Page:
I didn't do any maths for almost 18 months and got 96/100 in C1 with around 4 months of preparation - but it took around 2 months to "click" and for me to start understanding things (I imagine that 2 months figure would be lower had I started it straight from GCSE) the trick is just to do lots and lots of practice questions and past papers
I did OCR. A lot of C1 duplicated GCSE maths (surds, quadratics etc) so it was fairly easy to move from GCSE to A-level. I did the exam in January and got 96%. I found the best way to revise was to spend a few weeks before the exam doing lots of past papers to get used to the style of questions you would be asked.
C1 is most probably going to be the easiest maths module you will take in AS/A2 Maths.
Only a little bit tougher than GCSE A/A* maths questions - and you only have to learn basic differentiation, integration and some stuff on arithmetic series, but the rest is pretty simple stuff.
However, don't be put off if you're not getting 95%+ in the first month of sixth form - I wasn't reaching that until Nov/Dec. Although C1 is an easy module, you'll find out that at times you'll make silly mistakes that could cost you a few marks especially as it’s a non-calculator paper.
“The approaches and methods used for teaching mathematics in schools can have a huge impact on how much students learn in the classroom as well as on the quality of the learning that takes place.”
Mathematics Education in Europe (Eurydice 2012)
“it is not possible to identify a single best method, but found that there are many different types of learning and many different methods that should be applied, appropriate to the learner and the particular learning outcome required”
Mathematics Matters (Swann, NCETM 2008)
“different methods are appropriate in developing these different types of
learning, including, as an example, the use of higher order questions, encouraging reasoning rather than 'answer getting', and developing mathematical language through communicative activities”
“particular methods are not, in general, effective or ineffective. All teaching methods are ‘effective for something’ ”
“different methods are appropriate in developing these different types of learning, including, as an example, the use of higher order questions, encouraging reasoning rather than 'answer getting', and developing mathematical language through communicative activities”
Two important features of teaching when developing conceptual understanding:
“when developing skill efficiency…… clear and fast paced presentation and modelling by the teacher, followed by practice by the students, worked well.”
“this is not a simple dichotomy…… it is not true that one approach works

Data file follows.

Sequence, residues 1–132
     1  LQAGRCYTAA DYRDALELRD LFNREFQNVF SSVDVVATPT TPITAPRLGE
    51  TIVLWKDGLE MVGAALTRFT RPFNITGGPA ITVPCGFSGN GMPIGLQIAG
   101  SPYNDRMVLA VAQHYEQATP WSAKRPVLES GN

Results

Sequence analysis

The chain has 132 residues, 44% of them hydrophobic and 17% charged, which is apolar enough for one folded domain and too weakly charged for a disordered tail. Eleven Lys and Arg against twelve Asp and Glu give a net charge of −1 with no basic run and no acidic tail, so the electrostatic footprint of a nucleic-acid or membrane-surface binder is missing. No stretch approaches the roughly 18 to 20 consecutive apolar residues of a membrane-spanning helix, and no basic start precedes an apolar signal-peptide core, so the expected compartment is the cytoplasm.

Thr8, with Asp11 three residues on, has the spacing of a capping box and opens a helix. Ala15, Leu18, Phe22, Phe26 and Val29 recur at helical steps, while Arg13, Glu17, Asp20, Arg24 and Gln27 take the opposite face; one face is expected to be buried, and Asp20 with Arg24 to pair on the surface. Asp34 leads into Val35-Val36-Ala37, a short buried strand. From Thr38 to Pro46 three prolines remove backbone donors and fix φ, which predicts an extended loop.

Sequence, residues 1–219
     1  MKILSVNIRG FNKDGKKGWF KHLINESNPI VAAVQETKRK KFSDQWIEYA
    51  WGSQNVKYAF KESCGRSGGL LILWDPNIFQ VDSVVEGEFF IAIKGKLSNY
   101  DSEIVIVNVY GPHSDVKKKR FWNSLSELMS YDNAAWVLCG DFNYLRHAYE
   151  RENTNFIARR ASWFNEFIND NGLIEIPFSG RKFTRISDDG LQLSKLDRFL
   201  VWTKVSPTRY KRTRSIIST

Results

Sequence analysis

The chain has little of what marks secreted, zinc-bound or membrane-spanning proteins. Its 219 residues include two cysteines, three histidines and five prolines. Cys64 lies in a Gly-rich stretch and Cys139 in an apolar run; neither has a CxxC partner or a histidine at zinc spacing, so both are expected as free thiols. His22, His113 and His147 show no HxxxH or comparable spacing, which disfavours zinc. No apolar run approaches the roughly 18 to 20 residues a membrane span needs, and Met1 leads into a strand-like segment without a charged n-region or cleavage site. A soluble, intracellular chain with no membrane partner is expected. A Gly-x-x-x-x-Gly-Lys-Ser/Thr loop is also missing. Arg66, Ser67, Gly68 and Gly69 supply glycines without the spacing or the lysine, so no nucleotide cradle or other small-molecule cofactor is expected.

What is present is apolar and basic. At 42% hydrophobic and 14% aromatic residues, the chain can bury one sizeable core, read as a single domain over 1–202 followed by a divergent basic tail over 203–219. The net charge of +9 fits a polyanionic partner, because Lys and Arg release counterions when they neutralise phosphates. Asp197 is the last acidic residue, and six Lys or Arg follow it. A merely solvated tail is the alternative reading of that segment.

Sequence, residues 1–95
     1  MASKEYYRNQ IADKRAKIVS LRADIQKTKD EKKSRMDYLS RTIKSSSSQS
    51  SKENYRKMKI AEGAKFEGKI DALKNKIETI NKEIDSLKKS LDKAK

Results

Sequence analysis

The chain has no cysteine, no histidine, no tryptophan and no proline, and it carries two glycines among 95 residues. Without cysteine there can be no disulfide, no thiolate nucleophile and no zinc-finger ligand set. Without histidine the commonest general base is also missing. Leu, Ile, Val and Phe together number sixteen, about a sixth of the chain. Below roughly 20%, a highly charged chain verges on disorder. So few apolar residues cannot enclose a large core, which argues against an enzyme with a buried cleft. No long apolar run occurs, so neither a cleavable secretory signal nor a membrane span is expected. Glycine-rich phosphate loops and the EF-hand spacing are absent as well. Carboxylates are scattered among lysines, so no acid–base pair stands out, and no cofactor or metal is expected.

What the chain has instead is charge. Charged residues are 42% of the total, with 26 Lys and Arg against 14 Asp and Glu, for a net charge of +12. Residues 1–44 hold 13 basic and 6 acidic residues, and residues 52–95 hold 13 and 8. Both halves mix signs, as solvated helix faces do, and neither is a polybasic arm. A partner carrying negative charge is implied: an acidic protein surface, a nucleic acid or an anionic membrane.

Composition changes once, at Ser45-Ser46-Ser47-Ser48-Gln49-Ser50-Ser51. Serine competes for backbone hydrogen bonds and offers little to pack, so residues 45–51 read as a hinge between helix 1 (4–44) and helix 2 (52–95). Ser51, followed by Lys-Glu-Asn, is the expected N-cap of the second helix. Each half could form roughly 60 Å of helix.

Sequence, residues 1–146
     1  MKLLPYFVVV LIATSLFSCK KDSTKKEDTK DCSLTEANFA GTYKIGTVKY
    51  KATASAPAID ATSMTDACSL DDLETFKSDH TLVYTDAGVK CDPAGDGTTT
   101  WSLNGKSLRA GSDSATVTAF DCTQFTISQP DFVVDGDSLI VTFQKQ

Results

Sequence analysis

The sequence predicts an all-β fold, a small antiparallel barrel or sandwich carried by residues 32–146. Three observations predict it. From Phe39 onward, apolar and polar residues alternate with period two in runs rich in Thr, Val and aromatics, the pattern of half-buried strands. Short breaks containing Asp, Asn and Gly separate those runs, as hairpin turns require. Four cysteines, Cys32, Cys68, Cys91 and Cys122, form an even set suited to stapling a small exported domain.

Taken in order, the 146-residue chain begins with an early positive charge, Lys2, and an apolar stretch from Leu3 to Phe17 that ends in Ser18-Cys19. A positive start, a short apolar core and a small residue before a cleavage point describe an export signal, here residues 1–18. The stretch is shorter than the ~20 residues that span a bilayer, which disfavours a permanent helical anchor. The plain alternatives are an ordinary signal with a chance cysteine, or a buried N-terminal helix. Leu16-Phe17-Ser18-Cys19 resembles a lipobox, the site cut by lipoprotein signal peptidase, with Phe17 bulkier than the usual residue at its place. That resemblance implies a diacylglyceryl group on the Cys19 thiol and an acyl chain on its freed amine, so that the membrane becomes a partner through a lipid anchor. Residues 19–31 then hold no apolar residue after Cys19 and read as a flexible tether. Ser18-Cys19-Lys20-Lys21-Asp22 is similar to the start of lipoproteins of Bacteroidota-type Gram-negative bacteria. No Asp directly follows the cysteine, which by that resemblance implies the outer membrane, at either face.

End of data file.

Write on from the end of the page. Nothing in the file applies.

in one area only”
“a weighted balance between the two teaching approaches might
be appropriate, with a heavier emphasis on the features related to conceptual understanding”
It is important that students develop an ability to cope with learning styles that are not necessarily their favoured ones.
In other words – let the situation dictate the learning style that is encouraged…
BUT make sure that there are situations that address different learning styles…
REMEMBER to give each student the opportunity to achieve some success – limiting learning styles may not let this happen.
Individualized learning is about tailoring the approach to meet a student’s needs rather than wants.
Notes page 17 – example copied from a transition booklet given to year 11 students
The aim of the activity is for students (and the teacher) to asses their ability to find equivalent indices.
This game works particularly well on a smart board but any projection method is fine.
Two teams line up, one each side of the whiteboard.
The teacher clicks on the cloud in the centre of the screen and a ‘question’ comes up.
The first player in each team has to tap the equivalent expression from their ‘answers’ list.
The teacher taps the board again and the correct answer is highlighted.
The front player moves to the back of the queue and the process is repeated.
This runs until all of the questions have been asked.
* Square numbers maze
* Number ladder game
* Surd maze
* Odd one out activity
* Initial activity – classifying functions – polynomials and other functions (Excel)
* Algebraic division
* The factor theorem – Excel file
* Different forms of quadratics – sorting activity
* Investigating quadratic curves
Coordinate geometry forms a large part of the core mathematics course at AS level.
What are the key ideas in coordinate geometry?
What skills should the students already possess?